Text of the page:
The advantages of the composite diaphragms of the invention are their great resistance to mechanical abrasion caused by brine flow and by chlorine bubbles. Their dimensional stability allows thinner diaphragms and smaller interelectrodic distances with a considerable saving of electric energy. Moreover, because the distance between the anode side of the diaphragm and the active surface may be accurately preset and is thereafter maintained, a better faraday efficiency together with a reduction of chlorate concentration in the catholyte is obtained even when operating with a higher caustic soda concentration in the catholyte.

Preferably, the inert fibrous material is asbestos paper or asbestos mat, such as that produced by pulling a slurry of asbestos fibers through a foraminous metal electrode, but other fibrous inert materials may be used such as polyester fibers in the form of woven or unwoven felt or cloth and woven or unwoven carbon fiber felts.

The ratio of divinylbenzene to the vinylpyridine is 1/16 to 1/1, preferably between 1 to 9 and 2 to 3. The composite diaphragm preferably contains 5 to 25% by weight of the final diaphragm of the said copolymer, most preferably 8 to 16% by weight.

It has unexpectedly been found that by impregnating, for example, asbestos paper with the said copolymer, the asbestos is made exceptionally stable and swelling and disintegration under the normal conditions of electrolysis of alkali metal halide brines are effectively prevented. On the other hand, the diaphragm remains porous and permeable to brines up to a copolymer loading of about 25% of the total weight of the composite material. The copolymer loading does not appear to make the fibrous matrix hydrophobic but rather it enhances its hydrophilic properties, making the composite material perfectly wettable by the electrolyte. It is believed that the pyridine group, particularly in alkaline environments such as that occurring within the diaphragm in chlor-alkali cells, behaves as a negatively polarized group, because of the electron pair on the nitrogen atom thereof.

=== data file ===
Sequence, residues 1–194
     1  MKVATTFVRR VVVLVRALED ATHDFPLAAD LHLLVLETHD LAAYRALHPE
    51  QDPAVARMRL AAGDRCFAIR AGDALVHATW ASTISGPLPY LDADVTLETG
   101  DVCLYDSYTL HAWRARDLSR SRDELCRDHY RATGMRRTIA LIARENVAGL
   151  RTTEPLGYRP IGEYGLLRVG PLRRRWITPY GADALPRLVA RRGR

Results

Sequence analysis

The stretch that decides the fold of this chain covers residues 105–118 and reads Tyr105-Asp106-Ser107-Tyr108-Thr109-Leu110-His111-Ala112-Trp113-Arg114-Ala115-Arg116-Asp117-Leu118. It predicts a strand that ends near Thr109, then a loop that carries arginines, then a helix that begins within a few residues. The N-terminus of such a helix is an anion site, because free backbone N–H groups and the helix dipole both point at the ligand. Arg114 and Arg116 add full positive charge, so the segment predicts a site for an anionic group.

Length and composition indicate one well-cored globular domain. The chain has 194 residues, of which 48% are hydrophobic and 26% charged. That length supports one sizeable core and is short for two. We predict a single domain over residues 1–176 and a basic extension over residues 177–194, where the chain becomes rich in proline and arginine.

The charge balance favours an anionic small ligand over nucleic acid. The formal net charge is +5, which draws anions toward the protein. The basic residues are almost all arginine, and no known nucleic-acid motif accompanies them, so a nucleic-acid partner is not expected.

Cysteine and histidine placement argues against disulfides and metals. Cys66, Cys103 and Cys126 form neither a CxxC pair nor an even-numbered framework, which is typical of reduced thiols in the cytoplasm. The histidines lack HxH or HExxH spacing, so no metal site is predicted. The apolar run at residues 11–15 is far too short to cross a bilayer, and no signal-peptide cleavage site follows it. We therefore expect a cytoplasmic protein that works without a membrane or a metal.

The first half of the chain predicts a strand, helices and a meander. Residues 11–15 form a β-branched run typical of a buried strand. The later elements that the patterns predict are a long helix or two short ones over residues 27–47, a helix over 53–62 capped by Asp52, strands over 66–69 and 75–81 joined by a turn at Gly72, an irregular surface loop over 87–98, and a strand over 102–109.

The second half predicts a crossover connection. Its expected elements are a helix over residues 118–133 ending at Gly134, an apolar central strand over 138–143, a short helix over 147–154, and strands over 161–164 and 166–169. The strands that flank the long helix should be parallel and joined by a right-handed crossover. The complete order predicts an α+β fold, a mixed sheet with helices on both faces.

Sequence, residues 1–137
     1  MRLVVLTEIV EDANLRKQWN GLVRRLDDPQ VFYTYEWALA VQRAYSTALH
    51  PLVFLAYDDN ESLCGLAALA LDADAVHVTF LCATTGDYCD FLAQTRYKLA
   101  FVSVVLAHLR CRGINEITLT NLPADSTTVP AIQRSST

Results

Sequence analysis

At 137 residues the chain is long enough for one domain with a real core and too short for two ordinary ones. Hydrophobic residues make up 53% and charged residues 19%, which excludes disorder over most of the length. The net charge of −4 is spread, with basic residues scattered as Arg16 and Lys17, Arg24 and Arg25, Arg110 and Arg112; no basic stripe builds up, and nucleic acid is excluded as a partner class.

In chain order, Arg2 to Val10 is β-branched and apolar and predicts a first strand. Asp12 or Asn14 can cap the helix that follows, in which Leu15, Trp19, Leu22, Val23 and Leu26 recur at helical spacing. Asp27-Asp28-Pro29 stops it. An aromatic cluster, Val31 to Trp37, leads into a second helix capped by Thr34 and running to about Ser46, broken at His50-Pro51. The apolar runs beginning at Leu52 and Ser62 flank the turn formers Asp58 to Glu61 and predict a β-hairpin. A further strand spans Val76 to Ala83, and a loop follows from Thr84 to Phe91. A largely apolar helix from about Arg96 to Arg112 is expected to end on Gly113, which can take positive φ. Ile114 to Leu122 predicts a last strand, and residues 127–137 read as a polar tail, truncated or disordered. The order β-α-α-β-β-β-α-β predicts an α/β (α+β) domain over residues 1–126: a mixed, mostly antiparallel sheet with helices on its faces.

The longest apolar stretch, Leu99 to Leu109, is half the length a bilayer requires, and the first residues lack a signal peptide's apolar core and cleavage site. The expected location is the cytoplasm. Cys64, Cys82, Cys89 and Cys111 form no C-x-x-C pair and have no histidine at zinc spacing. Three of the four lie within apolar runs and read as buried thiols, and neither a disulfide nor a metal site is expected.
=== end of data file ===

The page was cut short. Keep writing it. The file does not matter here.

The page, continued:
The novel method of the invention for the preparation of the composite diaphragm material comprises impregnating the inert fibrous matrix with a solution of 2.5 to 50% by volume of 2- and/or 4-vinylpyridine and divinylbenzene in an organic solvent such as benzene, toluene, xylene, acetone, etc. in a molar ratio of 16:1 to 1:1, preferably 9:1 to 3:2, preferably containing 0.1 to 5%, most preferably about 1%, mole of a suitable polymerization initiator such as benzoylperoxide, or azobisisobutyronitrile, evaporating the organic solvent, preferably at room temperature and under reduced pressure, heating the dried impregnated matrix at 75 to 100 C., preferably at 80 to 90 C. for a time sufficient to effect polymerization such as 2 to 4 hours under an inert atmosphere such as nitrogen, and washing the composite material with the organic solvent to remove unreacted monomers and low molecular weight copolymer.

The in situ copolymerization in the absence of an organic solvent produces a substantially uniform coating of the fibrous matrix and a strong bonding together of the fibers due to copolymer bridging between fibers resulting in an exceptionally strong material with excellent resistance to swelling and erosion.

Permeability, porosity and wettability of the composite diaphragms prepared by the process of the present invention are perfectly reproducible characteristics which can be controlled by varying parameters such as the temperature and the time of polymerization and most of all, the concentration of the monomers in the soaking solution and their relative ratios. The soaking solution may preferably contain from 10 to 25% of monomers and most preferably from 15 to 20% and the molar ratio (2) or (4) vinylpyridne/divinylbenzene may range from 16/1 to 1/1 and preferably from 9/1 to 3/2, giving to the copolymer an optimum cross-linking degree for good chemical resistance and sufficient hydrophilic properties to be wettable by the electrolyte.